jfreund

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The thing about passwords is users have to remember them. Complex password requirements with double-digit characters seem great to people trying to prevent brute force password hacks. Telling people not to reuse passwords sounds good. In reality they fail because the user has to, you know, USE the system and needs to remember that password plus 8 others for work, plus 30 others for daily life (one for every streaming service, shopping website, bank account, credit card, gaming service, utility bill, mortgage/rent, ad nauseum). I'd like to think I'm pretty smart and can remember a lot of stuff, but that's fucking impossible.

The organization I work for adopted the NIST password requirements of 15+ characters, at least 1 capital letter, 1 lower case letter, 1 number, and 1 special character. Then NIST realized "You know what? That's fucking ridiculous and unusable" and dropped their password recommendations. I still have to remember 15 character passwords.
 

Zarathustra[H]

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The thing about passwords is users have to remember them. Complex password requirements with double-digit characters seem great to people trying to prevent brute force password hacks. Telling people not to reuse passwords sounds good. In reality they fail because the user has to, you know, USE the system and needs to remember that password plus 8 others for work, plus 30 others for daily life (one for every streaming service, shopping website, bank account, credit card, gaming service, utility bill, mortgage/rent, ad nauseum). I'd like to think I'm pretty smart and can remember a lot of stuff, but that's fucking impossible.

The organization I work for adopted the NIST password requirements of 15+ characters, at least 1 capital letter, 1 lower case letter, 1 number, and 1 special character. Then NIST realized "You know what? That's fucking ridiculous and unusable" and dropped their password recommendations. I still have to remember 15 character passwords.

It is easy to use complex passwords if you manage it properly, either through the use of an encrypted password vault, or through synchronizing password requirements and expiration dates accross all systems a user needs to use.

Where it becomes impossible to keep track of is when you have 16 different systems, some of which you only have to use once every couple of months, all of which have different requirements for password length, upper lower case, numbers, and special characters, and they all expire after different intervals. A password manager helps here, but even with one, it becomes difficult.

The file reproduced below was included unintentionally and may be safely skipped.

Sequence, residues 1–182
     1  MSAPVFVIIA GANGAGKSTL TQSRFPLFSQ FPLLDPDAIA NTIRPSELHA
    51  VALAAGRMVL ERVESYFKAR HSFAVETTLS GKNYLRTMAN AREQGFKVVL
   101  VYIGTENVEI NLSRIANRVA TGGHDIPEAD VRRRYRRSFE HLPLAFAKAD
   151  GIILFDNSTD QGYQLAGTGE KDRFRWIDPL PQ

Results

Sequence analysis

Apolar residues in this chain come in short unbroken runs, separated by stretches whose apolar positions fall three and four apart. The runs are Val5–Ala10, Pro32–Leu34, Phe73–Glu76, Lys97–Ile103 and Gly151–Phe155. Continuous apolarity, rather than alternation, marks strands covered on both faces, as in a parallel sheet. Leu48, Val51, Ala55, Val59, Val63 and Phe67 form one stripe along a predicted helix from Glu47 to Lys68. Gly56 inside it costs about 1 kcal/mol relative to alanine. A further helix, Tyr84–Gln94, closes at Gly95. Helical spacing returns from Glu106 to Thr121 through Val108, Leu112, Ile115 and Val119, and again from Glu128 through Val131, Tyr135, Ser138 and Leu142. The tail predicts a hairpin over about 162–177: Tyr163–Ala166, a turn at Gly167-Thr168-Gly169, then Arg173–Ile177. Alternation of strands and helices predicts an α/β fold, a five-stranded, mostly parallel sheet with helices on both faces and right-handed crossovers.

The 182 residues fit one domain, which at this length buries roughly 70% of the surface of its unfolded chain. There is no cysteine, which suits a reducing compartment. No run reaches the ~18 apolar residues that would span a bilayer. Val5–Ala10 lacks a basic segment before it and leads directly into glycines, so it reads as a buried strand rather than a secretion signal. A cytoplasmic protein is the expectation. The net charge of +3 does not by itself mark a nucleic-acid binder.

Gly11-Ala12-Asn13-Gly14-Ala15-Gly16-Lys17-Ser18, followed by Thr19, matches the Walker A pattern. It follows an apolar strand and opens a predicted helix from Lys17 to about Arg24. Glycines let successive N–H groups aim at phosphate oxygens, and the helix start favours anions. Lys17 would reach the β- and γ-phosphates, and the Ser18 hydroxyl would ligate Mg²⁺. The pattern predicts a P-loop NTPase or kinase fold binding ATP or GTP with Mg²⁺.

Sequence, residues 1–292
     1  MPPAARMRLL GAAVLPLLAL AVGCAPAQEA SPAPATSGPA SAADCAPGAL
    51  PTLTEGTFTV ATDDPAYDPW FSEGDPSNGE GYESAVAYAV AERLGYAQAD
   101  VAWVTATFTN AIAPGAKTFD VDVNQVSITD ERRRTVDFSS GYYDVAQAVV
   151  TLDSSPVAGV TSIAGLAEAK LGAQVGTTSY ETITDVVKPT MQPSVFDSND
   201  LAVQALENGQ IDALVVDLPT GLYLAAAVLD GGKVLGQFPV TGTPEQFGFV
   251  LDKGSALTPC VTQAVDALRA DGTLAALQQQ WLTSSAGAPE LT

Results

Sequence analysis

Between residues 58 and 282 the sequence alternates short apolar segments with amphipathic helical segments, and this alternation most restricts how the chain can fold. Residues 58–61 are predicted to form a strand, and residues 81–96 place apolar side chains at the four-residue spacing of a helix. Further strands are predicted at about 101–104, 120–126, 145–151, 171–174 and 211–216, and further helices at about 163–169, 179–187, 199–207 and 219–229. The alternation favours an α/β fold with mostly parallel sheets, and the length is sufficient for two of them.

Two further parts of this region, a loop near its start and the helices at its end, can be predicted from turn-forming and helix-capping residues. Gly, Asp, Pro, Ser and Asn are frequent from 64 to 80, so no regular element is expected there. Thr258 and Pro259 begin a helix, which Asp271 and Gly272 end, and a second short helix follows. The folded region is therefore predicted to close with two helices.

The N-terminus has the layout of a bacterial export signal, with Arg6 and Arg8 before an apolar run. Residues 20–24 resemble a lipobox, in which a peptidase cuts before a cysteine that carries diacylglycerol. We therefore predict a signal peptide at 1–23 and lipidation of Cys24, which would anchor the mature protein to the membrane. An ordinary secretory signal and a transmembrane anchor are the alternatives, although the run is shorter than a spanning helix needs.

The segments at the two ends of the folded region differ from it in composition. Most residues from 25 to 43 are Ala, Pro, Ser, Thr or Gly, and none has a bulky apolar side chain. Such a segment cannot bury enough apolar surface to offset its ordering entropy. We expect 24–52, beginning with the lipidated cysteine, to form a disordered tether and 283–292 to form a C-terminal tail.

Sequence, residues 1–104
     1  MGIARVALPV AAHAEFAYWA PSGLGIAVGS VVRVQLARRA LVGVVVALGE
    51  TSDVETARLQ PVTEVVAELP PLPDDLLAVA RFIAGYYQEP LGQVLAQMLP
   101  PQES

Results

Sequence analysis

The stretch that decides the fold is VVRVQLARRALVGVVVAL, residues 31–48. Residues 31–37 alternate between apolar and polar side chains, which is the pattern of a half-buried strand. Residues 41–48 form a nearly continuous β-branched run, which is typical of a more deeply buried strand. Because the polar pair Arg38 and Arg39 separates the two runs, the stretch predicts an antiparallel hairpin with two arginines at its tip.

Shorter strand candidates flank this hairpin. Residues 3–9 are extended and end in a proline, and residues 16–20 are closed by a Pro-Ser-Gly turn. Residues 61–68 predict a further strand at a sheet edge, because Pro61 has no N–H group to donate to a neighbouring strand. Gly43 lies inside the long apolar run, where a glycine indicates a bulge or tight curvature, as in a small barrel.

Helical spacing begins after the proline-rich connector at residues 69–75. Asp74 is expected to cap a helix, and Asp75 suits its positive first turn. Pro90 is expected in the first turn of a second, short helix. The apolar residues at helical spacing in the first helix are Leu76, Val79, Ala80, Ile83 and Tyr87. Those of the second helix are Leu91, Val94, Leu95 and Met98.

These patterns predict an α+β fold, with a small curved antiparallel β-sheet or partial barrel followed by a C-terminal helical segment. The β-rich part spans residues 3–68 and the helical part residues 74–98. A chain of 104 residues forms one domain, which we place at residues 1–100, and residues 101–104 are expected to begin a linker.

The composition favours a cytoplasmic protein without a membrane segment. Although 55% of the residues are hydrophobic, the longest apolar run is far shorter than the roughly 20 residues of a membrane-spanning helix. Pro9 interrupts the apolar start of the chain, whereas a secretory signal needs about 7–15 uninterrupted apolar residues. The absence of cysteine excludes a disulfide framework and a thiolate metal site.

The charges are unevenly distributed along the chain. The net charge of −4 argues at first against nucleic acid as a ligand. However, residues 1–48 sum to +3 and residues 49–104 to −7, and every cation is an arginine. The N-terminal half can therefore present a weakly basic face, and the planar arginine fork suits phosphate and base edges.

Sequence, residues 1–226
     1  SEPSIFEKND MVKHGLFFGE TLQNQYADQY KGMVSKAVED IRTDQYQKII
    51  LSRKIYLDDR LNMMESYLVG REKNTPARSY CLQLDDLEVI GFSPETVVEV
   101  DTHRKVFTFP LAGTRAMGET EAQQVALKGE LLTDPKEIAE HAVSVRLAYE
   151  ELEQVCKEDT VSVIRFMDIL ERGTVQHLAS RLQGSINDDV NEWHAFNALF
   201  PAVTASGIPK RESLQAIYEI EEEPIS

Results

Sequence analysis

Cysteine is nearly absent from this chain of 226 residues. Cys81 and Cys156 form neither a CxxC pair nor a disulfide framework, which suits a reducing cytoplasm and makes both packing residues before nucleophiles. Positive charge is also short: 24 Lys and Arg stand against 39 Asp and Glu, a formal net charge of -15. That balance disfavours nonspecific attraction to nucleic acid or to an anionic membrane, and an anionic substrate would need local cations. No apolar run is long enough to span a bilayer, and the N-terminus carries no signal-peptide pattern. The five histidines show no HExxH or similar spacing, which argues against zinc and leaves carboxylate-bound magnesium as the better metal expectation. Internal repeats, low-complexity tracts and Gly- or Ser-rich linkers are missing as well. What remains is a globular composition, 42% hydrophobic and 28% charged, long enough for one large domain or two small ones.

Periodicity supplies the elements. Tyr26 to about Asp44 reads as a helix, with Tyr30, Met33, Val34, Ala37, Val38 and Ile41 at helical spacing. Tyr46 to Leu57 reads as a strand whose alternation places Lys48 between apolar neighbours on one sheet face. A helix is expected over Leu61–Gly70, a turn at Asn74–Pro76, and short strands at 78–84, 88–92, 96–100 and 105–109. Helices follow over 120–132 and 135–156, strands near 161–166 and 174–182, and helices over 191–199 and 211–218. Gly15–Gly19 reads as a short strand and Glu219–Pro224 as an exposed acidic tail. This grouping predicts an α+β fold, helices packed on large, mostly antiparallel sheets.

It's 2020. In our connected age you can't just ignore password best practices just because it is hard. Having strong passwords is the bare minimum.

It's also difficult to design a boat that can stay afloat and not sink. That doesn't mean we just don't do it and let the boat sink to the bottom.

There are some things you just can't ignore no matter how difficult they are because they take you down if you don't. Password strengths and data security are increasingly one of those.

We need to get to the point where as an economy people who can't keep track of strong passwords or avoid phishing attacks need to be fired and relegated to flipping burgers or something. These things are too important to have them screw it up. We need to get to the point where we have weekly pentests and if you wind up being that weakest link that fails, you pack your bags, you are out of here. I don't care if you are the CEO or some executive.
 
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saedrin

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As if there is any good reason to use SolarWinds in 2020, this is just the icing on the cake.

Started the new gig 6 months ago and the first project was ripping Orion out.

Good riddance.
 

IcePickFreak

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what does this have to do with the cloud specifically?
I mean the very first paragraph in Solarwinds security advisory...
SolarWinds has been made aware of a cyberattack to our systems that inserted a vulnerability within our SolarWinds® Orion® Platform software builds for versions 2019.4 HF 5, 2020.2 with no hotfix installed, and 2020.2 HF 1, which, if present and activated, could potentially allow an attacker to compromise the server on which the Orion products run.
Now I don't have a decades worth of firsthand experience, but I don't think the hackers are coming to the premises to pick up a print-out of the compromised info.
 

Mega6

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This company and board are toast.

"The Washington Post reported Tuesday that top investors in SolarWinds sold millions of dollars in stock in the days before the intrusion was revealed. SolarWinds’s stock price has fallen more than 20 percent in the past few days. The Post cited former enforcement officials at the U.S. Securities and Exchange Commission (SEC) saying the sales were likely to prompt an insider trading investigation."
 

sk3tch

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Yeah, the sheer scale and breadth of the attack will make a lot of powerful people/entities want justice. You don't piss off the people with the money and the power. If it was one of us - yeah, slap on the wrist if they stole from us or leaked our data (hello: Equifax).
 

erek